Persaud related that he was head of the team that was at Christmas Falls when the encounter occurred. The team, he recalled, included six other officers and civilians who were familiar with the area. The land, he later learned, was owned by former treason-accused Philip Bynoe.
The officers named were (now) Assistant Commissioner of Police Clifton Hicken, Deputy Superintendent Waithwright, Inspector Wade, Inspector Narine, Assistant Super-intendent Lowenfield and Deputy Superintendent Nurse.
Persaud testified that the team arrived at the right bank of Christmas Falls at around 5pm on June 5th and overnighted there. The next day, a team, led by Hicken, crossed the river by boat, and a confrontation occurred between the police and men reported to be a part of the Fine Man gang.
“..Early the following morning, Assistant Police Hicken crossed the river with the boat we took there and shortly after that I heard a series of gunshots…including rapid fire that lasted for a while. And, thereafter, I crossed the river using the same boat,” he recalled.
He said he observed Otis Fifee’s body with a gunshot wound to his face and saw that the ranks had seized nine firearms, including rifles, shotguns, handguns and ammunition.
The instructions to Hicken (which were reportedly the same instructions passed to Persaud from the then Commissioner of Police Greene) was to arrest the men at the camp. However, with the ranks coming under fire while approaching the site, fire was returned.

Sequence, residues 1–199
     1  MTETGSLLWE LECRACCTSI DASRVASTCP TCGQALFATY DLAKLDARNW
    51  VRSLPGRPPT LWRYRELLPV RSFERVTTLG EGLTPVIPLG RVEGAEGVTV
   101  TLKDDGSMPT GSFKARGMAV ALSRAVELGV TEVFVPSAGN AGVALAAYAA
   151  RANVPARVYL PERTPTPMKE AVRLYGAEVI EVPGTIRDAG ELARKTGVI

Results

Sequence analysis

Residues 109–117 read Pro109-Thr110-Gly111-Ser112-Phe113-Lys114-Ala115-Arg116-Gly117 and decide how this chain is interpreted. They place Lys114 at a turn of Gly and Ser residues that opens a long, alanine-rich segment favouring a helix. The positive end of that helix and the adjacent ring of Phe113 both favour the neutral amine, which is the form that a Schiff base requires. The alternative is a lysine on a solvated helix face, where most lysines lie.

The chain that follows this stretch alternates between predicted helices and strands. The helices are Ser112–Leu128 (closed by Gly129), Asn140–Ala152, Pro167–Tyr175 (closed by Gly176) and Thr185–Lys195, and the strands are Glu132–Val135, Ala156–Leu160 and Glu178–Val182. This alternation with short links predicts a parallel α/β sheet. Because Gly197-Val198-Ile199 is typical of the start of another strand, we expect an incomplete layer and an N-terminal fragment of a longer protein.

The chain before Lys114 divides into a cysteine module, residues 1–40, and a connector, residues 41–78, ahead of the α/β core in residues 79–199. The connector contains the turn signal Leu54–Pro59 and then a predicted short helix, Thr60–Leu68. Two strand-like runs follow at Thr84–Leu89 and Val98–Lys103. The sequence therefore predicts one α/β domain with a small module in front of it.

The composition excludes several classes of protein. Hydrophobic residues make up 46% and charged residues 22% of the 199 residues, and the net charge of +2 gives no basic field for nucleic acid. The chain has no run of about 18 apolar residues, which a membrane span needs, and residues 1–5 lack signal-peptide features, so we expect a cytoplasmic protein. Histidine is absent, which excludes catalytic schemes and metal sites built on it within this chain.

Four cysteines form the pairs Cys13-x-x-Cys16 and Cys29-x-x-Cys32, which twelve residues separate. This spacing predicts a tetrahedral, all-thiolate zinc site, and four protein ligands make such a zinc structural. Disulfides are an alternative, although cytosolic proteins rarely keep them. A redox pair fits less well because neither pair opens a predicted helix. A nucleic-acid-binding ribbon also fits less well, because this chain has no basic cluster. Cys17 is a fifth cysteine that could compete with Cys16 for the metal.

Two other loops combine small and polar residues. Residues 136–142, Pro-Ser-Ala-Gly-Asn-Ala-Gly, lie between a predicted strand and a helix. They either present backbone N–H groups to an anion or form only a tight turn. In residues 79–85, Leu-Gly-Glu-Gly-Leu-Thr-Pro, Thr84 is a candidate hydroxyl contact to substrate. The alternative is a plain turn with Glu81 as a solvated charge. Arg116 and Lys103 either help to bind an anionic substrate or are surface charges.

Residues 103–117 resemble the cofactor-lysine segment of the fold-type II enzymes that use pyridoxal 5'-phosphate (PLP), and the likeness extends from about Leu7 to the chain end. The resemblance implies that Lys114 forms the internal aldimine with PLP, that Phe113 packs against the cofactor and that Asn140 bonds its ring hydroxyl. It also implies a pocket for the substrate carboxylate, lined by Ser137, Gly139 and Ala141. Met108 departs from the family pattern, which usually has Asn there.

Persaud said he informed Greene about the encounter and they were instructed to withdraw from the area.
He later learned about the Lindo Creek massacre, which reportedly occurred a few days later and being informed by Greene that a team led by OPR and comprising of members of the Criminal Investigation Department, and ranks from divisions ‘E and F’ would be investigating the matter. He further stated that Superintendent Reid of the Major Crimes unit, (Rtd) Senior Superintendent Thomas and the head of the Crime Lab were instructed to provide assistance to OPR.
The eight miners— Dax Arokium, Cecil Arokium, Clifton Wong, Nigel Torres, Compton Speirs, Bonny Harry, Horace Drakes and Lancelot Lee—were mining for diamonds at the location when they met their gruesome deaths, sometime between June 9th and June 10th. After the miners were slaughtered, their bodies and belongings were burnt.
The CoI is to inquire into the circumstances surrounding the killings of the men and report its findings and recommendations to President David Granger.
The hearings are being held at the Department of the Public Service, on Waterloo Street, Georgetown.
The inquiry has been adjourned until tomorrow at 10 am.
Additionally, on Friday, March 16th, and on March 21st, the commission will be hosting public outreach meetings at the South Ruimveldt Gardens Secondary School and the Meten-Meer-Zorg Community Centre, respectively. Both meetings, which Trotman related are aimed at raising public awareness and facilitating information gathering, including suggestions to the commission, are scheduled to begin at 4pm.